Black Country, New Road – For the first time
Black Country, New Road return today with the news of their signing to Ninja Tune, who will release their much-anticipated debut album “For the first time” on February 5th 2021.
Recorded with Andy Savours (My Bloody Valentine) during the early part of this year and then finished at the end of the nationwide lock-down, the album is the perfect capturing of a new band and all the energy, ferocity and explosive charge that comes with that whilst also clearly the work of a group who have no interest in repetition, one-note approaches or letting creative stagnation set in. Featuring six new songs including reinterpretations of early tracks “Sunglasses” and “Athens, France”, “For the first time” is a sonic time capsule that somehow manages to bottle the past, the present and the future.
“We wanted it to sound exactly how we love to sound live,” says saxophonist Lewis Evans. “This is basically representative of our first 18 months”, continues frontman Isaac Wood.
Indeed the band found they had to stop themselves running too far ahead in order to document this album in a way that felt as truthful as possible.
“We see this as being a stop in the road” explains Isaac. I’ve always been interested in a really honest portrayal of what a band is and what they’ve been working on. I think it’s really nice if people can see an artist like: this was them in the early days, this was their next phase and that they’re quite clear and honest about genuine progression as people and musicians.”
The band have today also shared the new track, “Science Fair”, alongside an interview with The FADER.
Minimalist and foreboding, “Science Fair” opens around their rhythm section, precise percussion and bass locking in to allow a residual build from the rest of the band, viola and sax loop and layer over fits and squalls from dual guitars, a synth break and an ever-anxious narrative laid down by Isaac Wood. Climbing towards his desperate exclamation of – “it’s black country out there!” – the song caves in on itself during a blistering, caustic final breakdown. Already a live favourite, “Science Fair” is paired to a video directed by Bart Price who said the following about its themes:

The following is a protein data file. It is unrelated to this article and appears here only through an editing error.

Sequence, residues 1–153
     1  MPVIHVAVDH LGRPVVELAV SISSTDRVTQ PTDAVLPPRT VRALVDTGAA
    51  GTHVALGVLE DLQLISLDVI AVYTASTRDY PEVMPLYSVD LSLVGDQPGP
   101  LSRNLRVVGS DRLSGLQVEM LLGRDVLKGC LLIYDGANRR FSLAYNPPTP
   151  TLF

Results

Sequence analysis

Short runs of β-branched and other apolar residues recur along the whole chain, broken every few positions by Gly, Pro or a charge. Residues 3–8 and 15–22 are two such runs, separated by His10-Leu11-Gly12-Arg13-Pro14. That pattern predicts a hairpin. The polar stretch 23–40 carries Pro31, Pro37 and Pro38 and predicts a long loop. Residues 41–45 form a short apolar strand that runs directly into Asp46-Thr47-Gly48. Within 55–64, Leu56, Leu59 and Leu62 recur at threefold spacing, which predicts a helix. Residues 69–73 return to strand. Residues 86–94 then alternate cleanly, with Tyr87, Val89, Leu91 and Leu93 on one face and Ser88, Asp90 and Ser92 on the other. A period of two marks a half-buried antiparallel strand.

“When developing the music video for ‘Science Fair’, I was thinking about fictitious worlds that we visit through our screens, such as the American high school. Despite our lack of direct experience, these worlds become a universal means of communicating about and understanding things like what it means to grow up, or what it means to be in a friendship group, or to be in love. I wanted to create such a world around Black Country, New Road, placing their music at the heart of a small American town, that in a sense we’ve all been to and lived in.”
Despite having just those two early singles to date, Black Country, New Road – their name originally found on a random Wikipedia generator – have made an impressive impact on fans and critics alike. Declared “the best band in the world” by The Quietus, with glowing reviews from The New York Times to The Guardian, a cover feature for Loud & Quiet, a live BBC 6 Music session, selling out shows across the country (including 1700 tickets in London), being invited to festivals around the world including Primavera and Glastonbury, and finding themselves on French TV sandwiched between Sonic Youth’s Kim Gordon and Radiohead’s Ed O’Brien.
Their live performances gaining legendary status among fans of the emerging scene that coalesced around vaunted south London venue The Windmill, and which gave rise to many of their peers and contemporaries such as Fat White Family, black midi and Squid, artists with whom they have variously supported, toured with and collaborated with over the years.